More importantly, there are new technologies that help the driver of this 20-ton machine to not run over or smash other things. These technologies include pedestrian detection, adaptive cruise control, and collision mitigation with forward warning and active braking. (The adaptive cruise control can slow the coach down if it senses other vehicles or items ahead doing the same thing.) These kinds of electronic nannies really are real-world safety benefits. Already in place were things like electronic stability control, traction control, roll stability systems and more. 

The American Dream walk-through

With this floor plan, you enter through the front like a tour bus and then are greeted by the cockpit. There’s a sliding door/panel so the co-pilot can put their feet on the floor when you don’t plan on opening the door. 

Down the coach are theater seats on the camp side and a jackknife sofa on the road side. The occupants of either of these positions are going to have access to a TV over the cockpit. There’s another TV behind the couch. Unfortunately, it’s on a wall that could have a nice window if they had put the TV on a televator.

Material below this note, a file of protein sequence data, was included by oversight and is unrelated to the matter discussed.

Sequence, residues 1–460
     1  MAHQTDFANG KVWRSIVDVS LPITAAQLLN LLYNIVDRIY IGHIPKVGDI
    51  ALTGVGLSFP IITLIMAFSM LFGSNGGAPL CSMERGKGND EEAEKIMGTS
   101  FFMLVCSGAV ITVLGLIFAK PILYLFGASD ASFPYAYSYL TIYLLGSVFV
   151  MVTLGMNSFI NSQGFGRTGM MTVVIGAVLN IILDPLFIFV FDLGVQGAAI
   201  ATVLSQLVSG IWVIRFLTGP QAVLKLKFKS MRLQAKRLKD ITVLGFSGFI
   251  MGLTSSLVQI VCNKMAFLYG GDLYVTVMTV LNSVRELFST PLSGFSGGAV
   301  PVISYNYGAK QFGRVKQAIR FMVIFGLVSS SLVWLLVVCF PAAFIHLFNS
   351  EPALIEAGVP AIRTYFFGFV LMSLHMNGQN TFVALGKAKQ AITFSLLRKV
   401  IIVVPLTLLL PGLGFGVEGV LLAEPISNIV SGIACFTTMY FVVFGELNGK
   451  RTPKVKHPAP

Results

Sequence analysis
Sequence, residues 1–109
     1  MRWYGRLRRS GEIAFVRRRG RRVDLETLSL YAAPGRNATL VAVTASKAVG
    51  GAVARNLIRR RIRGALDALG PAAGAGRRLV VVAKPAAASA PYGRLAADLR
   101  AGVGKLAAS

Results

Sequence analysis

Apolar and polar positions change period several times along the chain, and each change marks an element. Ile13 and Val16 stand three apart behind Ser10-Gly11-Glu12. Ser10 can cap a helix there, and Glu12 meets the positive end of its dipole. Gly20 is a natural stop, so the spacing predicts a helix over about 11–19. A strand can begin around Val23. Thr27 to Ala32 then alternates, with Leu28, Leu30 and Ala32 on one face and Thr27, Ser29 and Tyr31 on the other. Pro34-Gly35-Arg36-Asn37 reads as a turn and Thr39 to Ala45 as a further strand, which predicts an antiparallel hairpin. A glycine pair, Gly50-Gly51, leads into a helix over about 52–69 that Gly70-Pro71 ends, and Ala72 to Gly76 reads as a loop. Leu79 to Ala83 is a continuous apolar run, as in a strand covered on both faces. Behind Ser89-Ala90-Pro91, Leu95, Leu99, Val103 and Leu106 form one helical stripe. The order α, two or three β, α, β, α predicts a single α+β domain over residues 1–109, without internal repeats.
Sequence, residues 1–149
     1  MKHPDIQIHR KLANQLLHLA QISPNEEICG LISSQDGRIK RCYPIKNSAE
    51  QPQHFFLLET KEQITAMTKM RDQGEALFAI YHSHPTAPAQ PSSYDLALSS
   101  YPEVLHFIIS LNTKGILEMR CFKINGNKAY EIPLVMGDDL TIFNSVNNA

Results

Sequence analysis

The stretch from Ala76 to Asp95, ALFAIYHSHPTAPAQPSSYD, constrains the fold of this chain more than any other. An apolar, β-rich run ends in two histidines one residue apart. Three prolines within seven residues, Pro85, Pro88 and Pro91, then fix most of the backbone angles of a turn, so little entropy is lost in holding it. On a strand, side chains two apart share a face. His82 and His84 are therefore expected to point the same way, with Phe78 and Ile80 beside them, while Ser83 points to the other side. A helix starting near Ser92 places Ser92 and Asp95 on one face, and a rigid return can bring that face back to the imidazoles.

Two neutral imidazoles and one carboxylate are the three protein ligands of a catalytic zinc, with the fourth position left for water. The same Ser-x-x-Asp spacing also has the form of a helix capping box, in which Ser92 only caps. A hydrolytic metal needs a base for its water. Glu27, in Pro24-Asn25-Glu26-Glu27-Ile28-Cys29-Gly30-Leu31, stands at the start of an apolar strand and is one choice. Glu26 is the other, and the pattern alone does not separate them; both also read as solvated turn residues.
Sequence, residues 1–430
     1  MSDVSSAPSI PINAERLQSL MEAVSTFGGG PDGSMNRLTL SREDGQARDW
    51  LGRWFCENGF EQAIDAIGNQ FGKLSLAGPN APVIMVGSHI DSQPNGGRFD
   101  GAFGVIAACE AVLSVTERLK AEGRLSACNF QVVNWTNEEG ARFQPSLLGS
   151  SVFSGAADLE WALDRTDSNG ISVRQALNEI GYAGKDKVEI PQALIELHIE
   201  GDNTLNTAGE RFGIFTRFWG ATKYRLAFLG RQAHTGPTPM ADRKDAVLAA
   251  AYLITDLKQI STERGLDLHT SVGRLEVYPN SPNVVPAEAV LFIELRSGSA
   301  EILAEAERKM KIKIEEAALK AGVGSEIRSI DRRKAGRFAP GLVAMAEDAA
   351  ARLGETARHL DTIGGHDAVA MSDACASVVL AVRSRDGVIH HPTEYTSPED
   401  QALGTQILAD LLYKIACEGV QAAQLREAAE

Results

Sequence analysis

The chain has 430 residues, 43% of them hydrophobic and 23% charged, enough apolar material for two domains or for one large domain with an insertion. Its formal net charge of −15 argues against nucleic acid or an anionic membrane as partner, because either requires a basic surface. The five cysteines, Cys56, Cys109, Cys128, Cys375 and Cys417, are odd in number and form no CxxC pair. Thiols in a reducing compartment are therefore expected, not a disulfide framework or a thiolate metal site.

On the road side of the rig is a large countertop with a sink at the back and cabinets overhead. Opposite this on the camp side is that table with an extender that makes the island possible. That island is right there in the middle of the floor. On it are two induction burners. Further down on the camp side is a Samsung residential refrigerator. 

The mid-bath is nice

The entire coach is bisected by a mid-bath. I actually like this as it gives more sound isolation between the back bedroom and the front living room. This is great if one person gets up early and uses that dinette table to get some work done while the other dreams of how great life is on the road in this fancy RV. 

That bathroom has a porcelain toilet on the camp side, which has its own door, and then a corner shower and sink on the road side. The shower is outfitted with a teak flip-down seat. 

Lastly, the bedroom features a king-sized bed on the camp side. This faces a large wall of cabinets and drawers along with the third TV in this unit on the road side. At the back is even more storage/closet space and accommodation for a stacking washer and dryer. 

Thoughtful engineering in the American Dream

Class A diesel pushers have one aspect that I don’t like – and that’s the typical emergency exit. Let’s be honest, if you’re at the stage of life where you can afford one of these, you’re not likely going to be jumping out of a second-story window, which is the typical way that emergency exits are configured. In this case, there’s an emergency exit in the bathroom behind the toilet which incorporates a ladder. This is brilliant and, frankly, should be a requirement.